Clearing feeding tubes faster – Biotech’s future

submitted by: nsf

Feeding tubes often become clogged with medication and food, depriving patients of nutrition. NSF-funded small business Actuated Medical has invented an FDA-approved device that clears clogs quickly and cleanly. Roger Bagwell demonstrated how the device works at the 2014 BIO International Convention.

Archaeologists uncover the remains of two Ice Age infants

submitted by: nsf
A National Science Foundation-funded team of archaeologists from the University of Alaska Fairbanks had uncovered the remains of two Ice Age infants, buried more than 11,000 years ago. The discovery represents the youngest human remains ever found in the North American Arctic. One infant died shortly after birth, and the other was probably a late-term newborn. The excavation took place in central Alaska, with the cooperation of local and regional native groups. The two infants were...

Illustrating the environment around infant stars like HL Tau

submitted by: nsf

Artist's impression of a protoplanetary disk. Newly formed planets can be seen traveling around the central host star, sweeping their orbits clear of dust and gas. These same ring-link structures were observed recently by ALMA around the young star HL Tau.

For more information visit: go.nrao.edu/pr/planet-formation-alma

Credit: National Science Foundation, A. Khan

Paleontologists discover fossil of bizarre groundhog-like mammal on Madagascar

submitted by: nsf

NSF-funded scientists from Stony Brook University have discovered an almost complete skull of a previously unknown mammal that likely resembled a large modern-day groundhog and lived alongside dinosaurs.

For more information visit: http://www.nsf.gov/news/news_summ.jsp?cntn_id=133092

Steviol molecular structure

submitted by: nsf
Responsible for the sweet tasting leaves of the Stevia plant, steviol glycosides have become popularized as a no-cal alternative to sugar. With funding from NSF’s Mathematical and Physical Sciences Directorate, R. Graham Cooks at Purdue University has applied his mass spectrometer to studying (among other things) stevia leaves. In an experiment that rapidly detected the glycosides in stevia leaves, Cook’s group has developed a powerful method for the rapid screening of plant materials...

Lactose molecular structure

submitted by: nsf
One of milk’s two sugars, lactose is not digestible in those lacking sufficient levels of lactase, which allows the body to metabolize that sugar. Certain parts of the world are reported to have higher incidences of lactose intolerance. NSFfunded Sarah Tishkoff at the University of Pennsylvania is studying the “gut microbiome” and its impact on nutritional status; such as its contribution to obesity, malnutrition and susceptibility to infectious disease. Her anthropologic study will...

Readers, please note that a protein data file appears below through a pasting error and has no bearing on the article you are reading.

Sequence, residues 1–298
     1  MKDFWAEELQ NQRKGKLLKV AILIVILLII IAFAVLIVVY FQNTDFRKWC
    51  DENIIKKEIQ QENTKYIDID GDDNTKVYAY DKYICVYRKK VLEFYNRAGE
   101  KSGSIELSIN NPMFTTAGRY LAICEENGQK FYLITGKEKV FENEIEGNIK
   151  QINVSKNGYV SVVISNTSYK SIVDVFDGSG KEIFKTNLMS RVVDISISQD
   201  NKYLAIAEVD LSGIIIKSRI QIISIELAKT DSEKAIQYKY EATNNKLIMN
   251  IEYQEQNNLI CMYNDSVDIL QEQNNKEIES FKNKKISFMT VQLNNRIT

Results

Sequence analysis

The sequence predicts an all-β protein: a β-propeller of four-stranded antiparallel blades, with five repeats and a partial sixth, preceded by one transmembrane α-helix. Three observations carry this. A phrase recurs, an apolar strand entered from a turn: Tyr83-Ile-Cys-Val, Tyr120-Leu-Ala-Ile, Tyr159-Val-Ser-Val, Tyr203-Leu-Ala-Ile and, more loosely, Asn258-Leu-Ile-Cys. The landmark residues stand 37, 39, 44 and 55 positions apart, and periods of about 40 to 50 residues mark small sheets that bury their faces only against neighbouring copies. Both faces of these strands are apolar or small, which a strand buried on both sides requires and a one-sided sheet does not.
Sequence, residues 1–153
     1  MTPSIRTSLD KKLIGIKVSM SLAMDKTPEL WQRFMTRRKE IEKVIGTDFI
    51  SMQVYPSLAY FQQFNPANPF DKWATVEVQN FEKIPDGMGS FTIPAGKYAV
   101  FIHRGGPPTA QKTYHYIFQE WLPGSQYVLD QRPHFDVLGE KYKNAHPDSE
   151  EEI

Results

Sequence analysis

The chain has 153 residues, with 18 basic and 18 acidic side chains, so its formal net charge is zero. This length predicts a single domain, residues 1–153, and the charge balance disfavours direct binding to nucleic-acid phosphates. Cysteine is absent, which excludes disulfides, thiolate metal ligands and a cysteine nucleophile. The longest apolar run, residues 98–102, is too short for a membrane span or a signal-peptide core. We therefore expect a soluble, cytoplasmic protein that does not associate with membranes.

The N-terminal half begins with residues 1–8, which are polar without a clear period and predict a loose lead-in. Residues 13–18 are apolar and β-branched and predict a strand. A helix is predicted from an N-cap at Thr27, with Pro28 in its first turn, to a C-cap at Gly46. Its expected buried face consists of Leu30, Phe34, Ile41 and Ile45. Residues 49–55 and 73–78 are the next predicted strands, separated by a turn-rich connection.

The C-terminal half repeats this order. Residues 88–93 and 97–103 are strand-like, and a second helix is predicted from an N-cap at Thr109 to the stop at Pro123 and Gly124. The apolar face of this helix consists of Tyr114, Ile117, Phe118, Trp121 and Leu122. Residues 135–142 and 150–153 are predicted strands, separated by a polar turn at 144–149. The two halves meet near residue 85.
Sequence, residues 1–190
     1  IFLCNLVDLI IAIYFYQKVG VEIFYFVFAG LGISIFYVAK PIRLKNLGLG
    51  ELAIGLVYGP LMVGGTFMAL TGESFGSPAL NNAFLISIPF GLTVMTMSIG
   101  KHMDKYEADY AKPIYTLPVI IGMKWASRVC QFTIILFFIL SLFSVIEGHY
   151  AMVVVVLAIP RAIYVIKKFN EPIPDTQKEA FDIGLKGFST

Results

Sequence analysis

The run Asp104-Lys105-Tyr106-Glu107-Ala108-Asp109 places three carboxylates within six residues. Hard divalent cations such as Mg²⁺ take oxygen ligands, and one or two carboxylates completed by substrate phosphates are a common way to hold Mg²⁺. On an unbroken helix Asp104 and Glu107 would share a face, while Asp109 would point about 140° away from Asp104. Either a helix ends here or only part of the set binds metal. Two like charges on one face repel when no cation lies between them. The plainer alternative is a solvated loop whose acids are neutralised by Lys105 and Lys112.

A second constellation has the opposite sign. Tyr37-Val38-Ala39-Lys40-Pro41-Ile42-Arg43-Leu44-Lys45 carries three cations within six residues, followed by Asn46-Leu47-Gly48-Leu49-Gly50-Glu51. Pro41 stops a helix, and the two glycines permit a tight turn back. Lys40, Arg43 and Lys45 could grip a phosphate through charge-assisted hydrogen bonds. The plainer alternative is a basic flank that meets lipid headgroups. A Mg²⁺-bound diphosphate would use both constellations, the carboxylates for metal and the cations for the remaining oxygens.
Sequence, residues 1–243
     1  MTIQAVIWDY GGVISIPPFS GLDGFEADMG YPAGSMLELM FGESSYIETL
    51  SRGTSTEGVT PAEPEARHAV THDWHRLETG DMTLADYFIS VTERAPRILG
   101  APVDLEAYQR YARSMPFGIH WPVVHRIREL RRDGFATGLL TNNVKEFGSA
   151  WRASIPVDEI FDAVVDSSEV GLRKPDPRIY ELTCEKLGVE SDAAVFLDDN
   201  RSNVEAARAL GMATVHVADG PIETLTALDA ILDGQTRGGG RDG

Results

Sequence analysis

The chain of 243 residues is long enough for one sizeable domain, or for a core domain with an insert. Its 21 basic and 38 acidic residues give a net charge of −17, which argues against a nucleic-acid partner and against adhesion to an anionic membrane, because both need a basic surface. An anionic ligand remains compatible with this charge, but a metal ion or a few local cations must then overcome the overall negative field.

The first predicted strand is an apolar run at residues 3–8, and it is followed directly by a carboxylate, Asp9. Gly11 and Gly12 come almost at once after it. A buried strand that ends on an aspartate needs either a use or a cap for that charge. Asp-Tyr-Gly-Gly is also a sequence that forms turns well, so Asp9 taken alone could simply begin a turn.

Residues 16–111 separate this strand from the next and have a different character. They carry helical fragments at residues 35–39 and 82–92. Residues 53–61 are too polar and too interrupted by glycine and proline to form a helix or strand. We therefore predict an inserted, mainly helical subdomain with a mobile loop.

Community College Innovation Challenge

submitted by: nsf

The National Science Foundation announces its Community College Innovation Challenge. The contest challenges community college students to propose innovative STEM-based (science, technology, engineering and mathematics) solutions to perplexing, real-world problems. Teams submitting top ideas receive professional coaching and cash prizes.

Sucrose molecular structure

submitted by: nsf
Sucrose is table sugar—that ubiquitous sweet white crystal that sweetens our tea, coffee and apple pies, yet is also the villain blamed for tooth decay and other health issues. Through its Biological Sciences Directorate, NSF has funded Brian Ayre from the University of North Texas who studied the way sucrose produced in plant leaves through photosynthesis moved to and affected plant tissues. Sucrose is transported to tissues that are growing or accumulating storage reserves that can...

Glucose molecular structure

submitted by: nsf
Glucose, the simplest sugar, can be found in plants and is absorbed into bloodstreams during digestion. While most of us can be blissfully ignorant of our exact blood sugar levels after scarfing a Snickers, people who have diabetes or physicians with seriously injured patients need technology that provides accurate blood glucose data. Gymama Slaughter, an NSF-funded engineer at the University of Maryland Baltimore County, has created a new wireless, implantable sensor to monitor blood...

Fructose molecular structure

submitted by: nsf
Fructose, or fruit sugar, is found in tree fruits, honey and berries, though you may know it from its corn-based origins as the common ingredient high-fructose corn syrup. NSF-funded researchers are also looking at plant sugars as a potential fuel source. While the idea of plant-based fuels as an alternative to fossil fuels has been around for a while, engineers are finding new ways of getting bigger bio-based yields more cheaply. Xianghong Qian, a chemical engineer at the University of...